Why is an expat normally paid higher?
The biggest reason expats are often paid higher than other employees is because living in a different country is usually a pretty big inconvenience. The employee deals with this hassle to benefit the company. The premium pay is used for reciprocity.
But there is a bit more to it than that.
Higher pay can also account for differences in the cost of living, exchange rates and relative hardships faced while living in another country. While local pay is determined by the local market, expatriate payroll is typically determined by the home country market, with adjustments that account for the anticipated hardships.
Tax liabilities, payroll compliance and immigration
It can also be tricky to navigate the legal risks associated with immigration requirements and tax liabilities.
An expat is typically bound by the governance of the home country. This means the business is responsible for withholding payroll taxes as part of the home country payroll. But that doesn’t necessarily remove the expat’s liability to pay taxes in the country where they are working. Or your company’s liability for withholding tax for the host country.
For example, U.S. employees working as expats in Canada are required to pay taxes in both countries. However, the IRS allows these employees to deduct the foreign taxes paid on their U.S. returns, preventing double taxation.
Do American expats pay U.S. taxes?
The simple answer is yes. Whether the expat is a U.S. citizen living abroad or a foreign worker placed in the U.S., the IRS is going to take their share. For U.S. citizens, all gross income earned worldwide should be reported to the internal revenue service via a tax return.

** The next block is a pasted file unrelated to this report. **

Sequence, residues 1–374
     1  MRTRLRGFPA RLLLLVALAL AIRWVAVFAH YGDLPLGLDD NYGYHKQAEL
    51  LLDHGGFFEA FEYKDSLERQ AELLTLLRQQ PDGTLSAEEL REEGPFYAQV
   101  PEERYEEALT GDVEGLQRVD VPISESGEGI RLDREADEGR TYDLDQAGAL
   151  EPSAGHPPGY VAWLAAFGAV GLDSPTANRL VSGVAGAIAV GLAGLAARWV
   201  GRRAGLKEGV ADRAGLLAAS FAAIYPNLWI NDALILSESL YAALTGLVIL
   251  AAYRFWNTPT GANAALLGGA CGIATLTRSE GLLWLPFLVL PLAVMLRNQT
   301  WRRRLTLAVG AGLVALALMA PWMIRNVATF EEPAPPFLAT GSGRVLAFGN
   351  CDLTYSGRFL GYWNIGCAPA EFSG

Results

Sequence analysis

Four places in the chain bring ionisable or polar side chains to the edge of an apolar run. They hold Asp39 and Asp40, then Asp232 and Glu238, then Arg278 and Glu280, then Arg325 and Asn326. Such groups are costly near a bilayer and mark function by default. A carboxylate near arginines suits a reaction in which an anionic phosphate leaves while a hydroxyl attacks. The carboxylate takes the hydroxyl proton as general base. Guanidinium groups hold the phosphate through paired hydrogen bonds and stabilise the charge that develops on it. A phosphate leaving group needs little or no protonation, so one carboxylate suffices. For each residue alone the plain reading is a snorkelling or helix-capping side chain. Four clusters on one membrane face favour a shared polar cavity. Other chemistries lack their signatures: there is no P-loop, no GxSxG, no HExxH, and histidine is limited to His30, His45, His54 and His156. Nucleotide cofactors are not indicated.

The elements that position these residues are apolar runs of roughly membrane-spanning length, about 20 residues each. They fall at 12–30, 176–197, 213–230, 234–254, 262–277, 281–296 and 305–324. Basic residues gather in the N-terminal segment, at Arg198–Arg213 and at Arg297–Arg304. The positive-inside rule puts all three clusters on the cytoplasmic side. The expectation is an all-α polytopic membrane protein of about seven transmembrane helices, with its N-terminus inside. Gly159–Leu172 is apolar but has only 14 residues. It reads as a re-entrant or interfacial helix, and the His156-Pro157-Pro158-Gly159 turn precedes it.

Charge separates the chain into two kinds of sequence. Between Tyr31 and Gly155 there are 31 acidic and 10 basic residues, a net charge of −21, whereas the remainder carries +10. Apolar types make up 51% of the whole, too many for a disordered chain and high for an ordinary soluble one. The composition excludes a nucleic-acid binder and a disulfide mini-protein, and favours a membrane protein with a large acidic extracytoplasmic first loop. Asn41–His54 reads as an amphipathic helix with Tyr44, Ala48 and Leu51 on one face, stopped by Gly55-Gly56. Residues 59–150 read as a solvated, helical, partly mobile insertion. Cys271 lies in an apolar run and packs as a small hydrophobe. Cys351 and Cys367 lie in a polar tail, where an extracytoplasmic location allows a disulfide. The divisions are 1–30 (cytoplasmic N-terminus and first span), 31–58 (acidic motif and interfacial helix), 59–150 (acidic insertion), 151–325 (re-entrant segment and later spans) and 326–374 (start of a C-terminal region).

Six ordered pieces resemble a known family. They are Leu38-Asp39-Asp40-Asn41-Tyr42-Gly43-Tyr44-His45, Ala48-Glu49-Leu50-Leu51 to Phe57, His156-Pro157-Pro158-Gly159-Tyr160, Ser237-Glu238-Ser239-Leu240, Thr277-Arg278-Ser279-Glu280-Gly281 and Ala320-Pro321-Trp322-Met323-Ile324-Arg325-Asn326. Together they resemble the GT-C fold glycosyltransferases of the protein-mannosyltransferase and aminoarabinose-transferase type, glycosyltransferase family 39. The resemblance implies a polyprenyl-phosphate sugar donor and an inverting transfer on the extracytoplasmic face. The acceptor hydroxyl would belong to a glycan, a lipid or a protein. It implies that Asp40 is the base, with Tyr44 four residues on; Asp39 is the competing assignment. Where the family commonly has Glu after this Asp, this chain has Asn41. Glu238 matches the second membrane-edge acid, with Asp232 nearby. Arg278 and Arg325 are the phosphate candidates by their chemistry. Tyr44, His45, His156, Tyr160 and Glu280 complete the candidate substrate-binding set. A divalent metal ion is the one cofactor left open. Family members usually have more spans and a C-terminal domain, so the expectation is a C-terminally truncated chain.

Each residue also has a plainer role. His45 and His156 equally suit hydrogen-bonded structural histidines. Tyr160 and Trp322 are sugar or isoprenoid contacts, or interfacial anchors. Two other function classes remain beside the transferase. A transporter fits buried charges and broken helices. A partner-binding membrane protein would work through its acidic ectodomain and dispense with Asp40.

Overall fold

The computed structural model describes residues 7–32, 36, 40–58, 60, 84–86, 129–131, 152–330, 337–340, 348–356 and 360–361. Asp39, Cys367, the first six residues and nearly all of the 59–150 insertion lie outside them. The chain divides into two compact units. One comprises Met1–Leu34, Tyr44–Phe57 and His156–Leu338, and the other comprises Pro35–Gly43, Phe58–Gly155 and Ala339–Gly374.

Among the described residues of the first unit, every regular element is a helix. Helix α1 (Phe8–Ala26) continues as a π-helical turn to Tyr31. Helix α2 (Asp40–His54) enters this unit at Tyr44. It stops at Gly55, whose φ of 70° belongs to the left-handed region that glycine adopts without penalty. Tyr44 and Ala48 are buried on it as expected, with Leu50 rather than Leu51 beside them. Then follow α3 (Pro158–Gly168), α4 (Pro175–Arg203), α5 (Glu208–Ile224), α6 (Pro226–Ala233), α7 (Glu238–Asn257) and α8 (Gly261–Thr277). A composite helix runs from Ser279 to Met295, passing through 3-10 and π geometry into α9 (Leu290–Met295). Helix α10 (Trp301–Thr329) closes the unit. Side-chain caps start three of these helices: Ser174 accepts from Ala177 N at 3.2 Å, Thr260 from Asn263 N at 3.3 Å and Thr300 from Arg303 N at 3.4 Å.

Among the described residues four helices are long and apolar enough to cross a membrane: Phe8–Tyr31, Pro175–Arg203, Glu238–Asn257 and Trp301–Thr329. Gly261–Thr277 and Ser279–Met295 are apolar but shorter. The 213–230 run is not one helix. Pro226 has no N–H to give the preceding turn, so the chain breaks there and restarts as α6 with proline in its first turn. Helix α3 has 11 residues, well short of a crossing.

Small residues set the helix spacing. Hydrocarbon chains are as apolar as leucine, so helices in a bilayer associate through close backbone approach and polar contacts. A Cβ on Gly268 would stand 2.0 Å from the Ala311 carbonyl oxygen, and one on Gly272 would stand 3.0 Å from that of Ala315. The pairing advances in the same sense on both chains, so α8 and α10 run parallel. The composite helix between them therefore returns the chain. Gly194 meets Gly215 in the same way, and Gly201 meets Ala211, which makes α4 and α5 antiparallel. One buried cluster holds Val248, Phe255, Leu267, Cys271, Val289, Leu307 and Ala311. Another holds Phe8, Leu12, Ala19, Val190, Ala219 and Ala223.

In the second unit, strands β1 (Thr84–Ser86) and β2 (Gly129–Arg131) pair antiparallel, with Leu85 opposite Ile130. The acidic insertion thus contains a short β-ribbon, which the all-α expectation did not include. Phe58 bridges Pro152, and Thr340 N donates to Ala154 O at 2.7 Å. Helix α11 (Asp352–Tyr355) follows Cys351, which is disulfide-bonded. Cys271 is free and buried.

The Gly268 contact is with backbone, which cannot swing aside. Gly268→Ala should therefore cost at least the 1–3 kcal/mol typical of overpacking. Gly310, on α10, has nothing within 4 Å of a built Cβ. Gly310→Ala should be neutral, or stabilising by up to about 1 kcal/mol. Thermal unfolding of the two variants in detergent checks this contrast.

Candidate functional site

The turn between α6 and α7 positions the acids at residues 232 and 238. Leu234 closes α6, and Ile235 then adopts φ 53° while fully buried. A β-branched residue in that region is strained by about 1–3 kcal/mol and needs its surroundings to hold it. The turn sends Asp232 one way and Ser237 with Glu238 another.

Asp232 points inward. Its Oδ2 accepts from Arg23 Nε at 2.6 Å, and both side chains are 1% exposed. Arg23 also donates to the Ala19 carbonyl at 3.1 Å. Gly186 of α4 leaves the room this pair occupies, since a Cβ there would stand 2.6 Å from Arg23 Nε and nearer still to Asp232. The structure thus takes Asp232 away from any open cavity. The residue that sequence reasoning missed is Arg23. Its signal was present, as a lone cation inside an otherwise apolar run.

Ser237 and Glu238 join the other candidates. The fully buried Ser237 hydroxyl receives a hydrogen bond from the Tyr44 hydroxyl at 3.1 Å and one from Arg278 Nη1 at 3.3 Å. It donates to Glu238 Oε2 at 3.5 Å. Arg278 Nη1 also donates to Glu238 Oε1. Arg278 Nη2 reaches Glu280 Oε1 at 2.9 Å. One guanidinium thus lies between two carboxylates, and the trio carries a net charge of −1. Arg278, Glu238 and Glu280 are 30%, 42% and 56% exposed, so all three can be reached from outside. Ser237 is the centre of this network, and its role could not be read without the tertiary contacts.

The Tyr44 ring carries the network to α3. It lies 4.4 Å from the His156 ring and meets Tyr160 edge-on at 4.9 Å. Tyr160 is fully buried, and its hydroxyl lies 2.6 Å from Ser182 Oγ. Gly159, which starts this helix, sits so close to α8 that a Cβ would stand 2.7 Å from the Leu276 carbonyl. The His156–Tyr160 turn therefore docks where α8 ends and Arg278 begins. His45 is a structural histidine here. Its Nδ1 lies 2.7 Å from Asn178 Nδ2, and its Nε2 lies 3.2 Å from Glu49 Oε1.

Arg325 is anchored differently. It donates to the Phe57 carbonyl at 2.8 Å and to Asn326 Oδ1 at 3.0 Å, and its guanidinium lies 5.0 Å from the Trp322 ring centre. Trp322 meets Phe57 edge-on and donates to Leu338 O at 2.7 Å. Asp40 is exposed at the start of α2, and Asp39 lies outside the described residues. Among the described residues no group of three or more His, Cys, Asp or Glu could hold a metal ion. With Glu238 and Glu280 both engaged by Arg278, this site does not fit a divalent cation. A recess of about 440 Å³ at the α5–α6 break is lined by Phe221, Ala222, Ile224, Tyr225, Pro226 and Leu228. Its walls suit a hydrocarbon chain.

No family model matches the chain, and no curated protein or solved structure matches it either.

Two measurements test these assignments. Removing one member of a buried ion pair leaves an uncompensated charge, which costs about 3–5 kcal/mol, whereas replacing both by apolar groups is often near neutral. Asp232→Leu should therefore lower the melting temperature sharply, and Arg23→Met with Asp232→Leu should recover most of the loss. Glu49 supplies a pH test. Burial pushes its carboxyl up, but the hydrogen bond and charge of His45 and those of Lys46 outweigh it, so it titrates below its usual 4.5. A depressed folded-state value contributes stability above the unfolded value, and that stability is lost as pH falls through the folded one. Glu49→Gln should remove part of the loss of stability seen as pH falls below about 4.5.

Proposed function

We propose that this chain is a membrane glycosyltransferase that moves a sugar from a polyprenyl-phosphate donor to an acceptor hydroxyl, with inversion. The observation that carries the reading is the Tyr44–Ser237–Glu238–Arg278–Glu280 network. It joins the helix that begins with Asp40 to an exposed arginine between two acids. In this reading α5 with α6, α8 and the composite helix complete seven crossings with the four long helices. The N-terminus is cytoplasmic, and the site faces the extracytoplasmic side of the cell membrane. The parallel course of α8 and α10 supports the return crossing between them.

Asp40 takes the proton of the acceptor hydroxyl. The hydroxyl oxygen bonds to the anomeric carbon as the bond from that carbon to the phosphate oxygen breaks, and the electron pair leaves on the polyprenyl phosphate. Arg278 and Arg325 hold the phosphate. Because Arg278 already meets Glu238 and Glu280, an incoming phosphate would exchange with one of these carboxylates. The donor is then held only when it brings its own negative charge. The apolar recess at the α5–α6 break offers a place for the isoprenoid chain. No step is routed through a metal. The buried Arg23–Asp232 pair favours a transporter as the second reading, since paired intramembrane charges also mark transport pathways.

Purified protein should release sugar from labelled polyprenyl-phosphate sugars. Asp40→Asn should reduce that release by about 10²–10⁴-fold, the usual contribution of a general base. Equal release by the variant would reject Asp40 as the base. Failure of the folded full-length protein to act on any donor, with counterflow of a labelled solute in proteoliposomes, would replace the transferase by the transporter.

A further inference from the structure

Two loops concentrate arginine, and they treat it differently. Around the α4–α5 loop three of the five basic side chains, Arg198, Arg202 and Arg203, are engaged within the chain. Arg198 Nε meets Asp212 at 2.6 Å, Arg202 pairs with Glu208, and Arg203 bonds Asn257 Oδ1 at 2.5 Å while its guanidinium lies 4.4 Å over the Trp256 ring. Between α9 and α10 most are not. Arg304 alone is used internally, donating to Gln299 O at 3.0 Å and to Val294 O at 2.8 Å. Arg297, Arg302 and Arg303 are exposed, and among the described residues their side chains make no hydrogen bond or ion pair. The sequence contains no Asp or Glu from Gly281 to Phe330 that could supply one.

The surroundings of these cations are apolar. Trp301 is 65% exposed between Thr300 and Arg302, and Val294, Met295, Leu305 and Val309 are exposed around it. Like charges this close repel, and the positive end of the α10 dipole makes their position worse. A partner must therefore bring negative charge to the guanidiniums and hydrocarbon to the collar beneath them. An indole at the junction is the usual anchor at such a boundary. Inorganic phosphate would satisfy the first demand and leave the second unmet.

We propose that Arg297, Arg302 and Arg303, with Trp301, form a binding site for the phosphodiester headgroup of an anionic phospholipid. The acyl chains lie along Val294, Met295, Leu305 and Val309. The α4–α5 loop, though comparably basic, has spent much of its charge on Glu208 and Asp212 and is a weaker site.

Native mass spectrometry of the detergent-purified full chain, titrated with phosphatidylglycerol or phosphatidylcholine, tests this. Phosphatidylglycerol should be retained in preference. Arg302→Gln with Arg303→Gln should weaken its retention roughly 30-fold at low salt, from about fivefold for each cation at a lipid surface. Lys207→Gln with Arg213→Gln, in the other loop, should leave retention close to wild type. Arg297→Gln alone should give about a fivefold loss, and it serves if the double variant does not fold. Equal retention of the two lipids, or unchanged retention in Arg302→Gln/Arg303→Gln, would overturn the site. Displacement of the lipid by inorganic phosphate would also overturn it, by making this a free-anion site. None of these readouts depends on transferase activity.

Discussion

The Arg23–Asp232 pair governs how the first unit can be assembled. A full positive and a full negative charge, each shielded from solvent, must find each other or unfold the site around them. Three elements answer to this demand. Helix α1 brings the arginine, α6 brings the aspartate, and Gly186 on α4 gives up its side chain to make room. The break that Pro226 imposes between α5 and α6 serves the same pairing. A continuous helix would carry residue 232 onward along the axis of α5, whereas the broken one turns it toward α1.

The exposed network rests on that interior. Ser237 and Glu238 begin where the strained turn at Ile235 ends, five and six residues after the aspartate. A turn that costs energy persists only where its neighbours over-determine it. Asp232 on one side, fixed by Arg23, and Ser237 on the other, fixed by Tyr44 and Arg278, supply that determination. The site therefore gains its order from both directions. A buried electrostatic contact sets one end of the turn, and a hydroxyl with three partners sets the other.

Net pay is always, unfortunately, a bit less.
One opportunity to explore is the Foreign Earned Income Exclusion (FEIE), which typically requires that the employee is physically present in a “tax home” outside of the U.S. for a period greater than one year.
Do other expats pay home country taxes?
Yes, the worker is responsible for paying taxes in the home country regardless of where they work and earn income. For example, anyone residing in Germany is liable to tax in Germany. Even if you did not spend time in Germany during the fiscal year in question (perhaps because you were working abroad as an expat), the tax liability is based on your place of residence.
The good news is that many countries cooperate when it comes to protecting workers from double taxation. Double taxation treaties governed by international law exist between states to lay out which countries get to collect.
Depending on the countries in question, they may determine home country and host country tax liabilities by:
- Country of residence: taxed in country of residence
- Source country: taxed where income is earned
- World income: when earning in more than two countries, taxed in country of residence
- Territoriality: taxed partially in each country based on where the income was earned
If you have expats on your payroll, it’s important to understand the double taxation treaties between your home country and the countries hosting your workers.
High expat expectations lead to high burnout
Even when your business does everything by the book, moving to another country can still take a big toll on your expat employee. The expatriate arrangement can be isolating and stressful—even when loved ones make the move with them.
All in all, these arrangements tend to be short-term solutions more often than long-term placements.
Get your expat payroll right
If you decide to send some employees abroad, you have the option of mastering the intricacies of expatriate payroll yourself. Or you can use a Global Managed Payroll partner that’s already got it down to a science.
Of course, expats aren’t your only options for getting work done around the globe. You might also want to explore: